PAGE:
Muskego Wisconsin Cops Cleared After Poorly Planned Drug Sting Kills Innocent Man

Five months ago, 21 year old Christopher Davis was shot dead by police in Muskego, Wisconsin. Today, his family wrestles with the frustrating reality that Chris’s killer won’t be charged with a crime. Key details gleaned during federal investigations, however, bring that decision into sharp questioning.

During February of 2016, Christopher Davis accompanied friends driving from Milwaukee Wisconsin to Muskego. Driver Jose Lara told investigators they’d gone to inspect a car for purchase. At the time of the shooting Davis’ cousin, a US Army private, stated this as well. Being uncomfortable with freeway driving, Davis allowed Lara to drive his car. Davis and Lara were accompanied by a third individual, Roberto Juarez Nieves, MJS reports. Nieves’ name, however, was redacted in the investigative report.

US Medical Marijuana States Shutting Out Experienced Growers

As the United States sees regulated medical marijuana models emerge across the country, a glaring paradox has arisen – many states require applicants for producer licenses to have experience in marijuana production, yet exclude those with convictions for producing marijuana.

A Buzzfeed investigation published earlier this year drew attention to six such US states that recently legalised medical marijuana. The restrictions in Connecticut, Maryland, New York, and Minnesota effectively welcome those with backgrounds in criminal activity, specifically in marijuana production, as long as they didn’t get caught and subsequently convicted.

New York’s stipulations for producer applications, for example, hold perhaps the most alarming contradictions: The system used for scoring applicants on the “ability to manufacture approved medical marijuana products” awards a full 36 percent of the total available marks just to product manufacturing. All drug felonies for which sentencing was completed within the last decade, however, are instant disqualifiers. This includes those for selling, and, yes, growing, cannabis.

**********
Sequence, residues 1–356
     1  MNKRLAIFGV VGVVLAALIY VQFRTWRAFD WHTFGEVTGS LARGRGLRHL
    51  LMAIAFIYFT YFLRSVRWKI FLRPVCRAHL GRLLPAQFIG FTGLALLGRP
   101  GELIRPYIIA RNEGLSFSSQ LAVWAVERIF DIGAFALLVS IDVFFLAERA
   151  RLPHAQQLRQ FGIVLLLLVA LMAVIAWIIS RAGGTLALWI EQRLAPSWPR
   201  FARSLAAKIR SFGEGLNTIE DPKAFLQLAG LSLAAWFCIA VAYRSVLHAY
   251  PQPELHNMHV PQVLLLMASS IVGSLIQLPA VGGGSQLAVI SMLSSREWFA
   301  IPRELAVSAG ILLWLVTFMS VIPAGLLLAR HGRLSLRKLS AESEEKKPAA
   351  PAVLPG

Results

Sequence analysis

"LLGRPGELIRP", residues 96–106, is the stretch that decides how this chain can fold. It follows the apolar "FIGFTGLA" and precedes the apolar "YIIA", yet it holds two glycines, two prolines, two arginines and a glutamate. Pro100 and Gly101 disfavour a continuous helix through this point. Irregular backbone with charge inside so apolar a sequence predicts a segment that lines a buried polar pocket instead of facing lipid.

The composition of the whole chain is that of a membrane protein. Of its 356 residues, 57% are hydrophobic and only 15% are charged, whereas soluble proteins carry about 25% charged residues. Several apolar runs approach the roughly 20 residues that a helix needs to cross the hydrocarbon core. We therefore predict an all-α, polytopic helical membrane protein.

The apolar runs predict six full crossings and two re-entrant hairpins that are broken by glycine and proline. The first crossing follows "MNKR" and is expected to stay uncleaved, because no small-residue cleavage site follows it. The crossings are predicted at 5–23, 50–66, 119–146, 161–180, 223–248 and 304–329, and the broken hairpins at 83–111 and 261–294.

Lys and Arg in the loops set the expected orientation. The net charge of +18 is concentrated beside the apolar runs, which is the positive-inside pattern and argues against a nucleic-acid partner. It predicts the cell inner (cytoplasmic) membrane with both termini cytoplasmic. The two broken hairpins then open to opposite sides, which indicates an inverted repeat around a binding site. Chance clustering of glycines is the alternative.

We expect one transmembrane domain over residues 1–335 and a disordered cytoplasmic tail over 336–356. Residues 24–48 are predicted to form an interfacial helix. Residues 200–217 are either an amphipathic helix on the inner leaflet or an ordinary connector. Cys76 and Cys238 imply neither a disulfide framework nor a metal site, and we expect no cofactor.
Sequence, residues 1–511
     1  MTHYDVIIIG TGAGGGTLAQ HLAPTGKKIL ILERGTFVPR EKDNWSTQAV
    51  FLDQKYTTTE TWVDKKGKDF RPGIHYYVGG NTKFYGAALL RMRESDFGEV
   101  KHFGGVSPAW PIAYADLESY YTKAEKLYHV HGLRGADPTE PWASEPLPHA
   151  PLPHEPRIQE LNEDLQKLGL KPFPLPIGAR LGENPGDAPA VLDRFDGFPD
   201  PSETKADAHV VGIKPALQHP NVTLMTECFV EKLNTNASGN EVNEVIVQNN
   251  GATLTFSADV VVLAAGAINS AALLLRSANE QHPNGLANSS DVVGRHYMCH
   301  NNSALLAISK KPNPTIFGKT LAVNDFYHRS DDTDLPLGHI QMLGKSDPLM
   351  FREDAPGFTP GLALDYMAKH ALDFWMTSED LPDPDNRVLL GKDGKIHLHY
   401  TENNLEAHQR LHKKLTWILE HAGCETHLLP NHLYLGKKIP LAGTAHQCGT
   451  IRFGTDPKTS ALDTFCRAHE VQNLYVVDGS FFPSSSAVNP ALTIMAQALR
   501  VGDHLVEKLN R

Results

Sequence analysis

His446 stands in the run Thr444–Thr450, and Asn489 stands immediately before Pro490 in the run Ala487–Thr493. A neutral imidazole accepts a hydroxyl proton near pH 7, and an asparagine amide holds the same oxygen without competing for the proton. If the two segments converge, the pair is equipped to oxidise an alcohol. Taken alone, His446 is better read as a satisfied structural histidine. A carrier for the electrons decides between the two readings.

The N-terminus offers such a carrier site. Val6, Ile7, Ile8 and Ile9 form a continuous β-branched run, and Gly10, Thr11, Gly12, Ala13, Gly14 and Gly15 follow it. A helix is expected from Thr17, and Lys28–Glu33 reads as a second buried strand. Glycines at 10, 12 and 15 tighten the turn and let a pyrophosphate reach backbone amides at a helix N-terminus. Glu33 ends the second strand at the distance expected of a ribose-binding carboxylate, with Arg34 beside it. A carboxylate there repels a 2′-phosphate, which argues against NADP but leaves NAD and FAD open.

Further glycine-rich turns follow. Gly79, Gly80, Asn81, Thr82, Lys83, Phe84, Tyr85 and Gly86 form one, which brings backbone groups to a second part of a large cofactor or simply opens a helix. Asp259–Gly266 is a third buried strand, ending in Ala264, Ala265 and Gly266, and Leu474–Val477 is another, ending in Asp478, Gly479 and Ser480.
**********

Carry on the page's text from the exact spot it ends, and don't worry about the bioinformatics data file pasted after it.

What We Learned From Wauwatosa PD’s Previously Unreleased Annual Reports

From 2004-2011, the Wauwatosa Police Department released yearly annual reports on its activities. The protocol wasn’t unusual, police normally provide some form of publicly available documentation. Of course, they don’t outline everything there is to know about a department, they’re simply transparent overviews.

In 2012, unlike other departments, Wauwatosa’s data never arrived to the city’s page. Around that time, the department cited challenges associated with a new report redaction policy it was forced to adopt. The policy, referenced in several Wauwatosa Now pieces, was enacted after a supreme court ruling on privacy rights.

A year later, Wauwatosa PD Captain Tim Sharpee said WPD was unable to do the redactions electronically. “So a clerk has to print out that report (and) redact all that information”, he said, alluding to the department’s lack of resources. In 2013, 10-13% of a department sworn for 94 officers left within a four month period. For a time, WPD claimed it lacked the manpower to process reports with the tedious methods available to them. It was assumed, but not entirely verified, that the annual’s were discontinued due to the same phenomenon that affected more regular reports.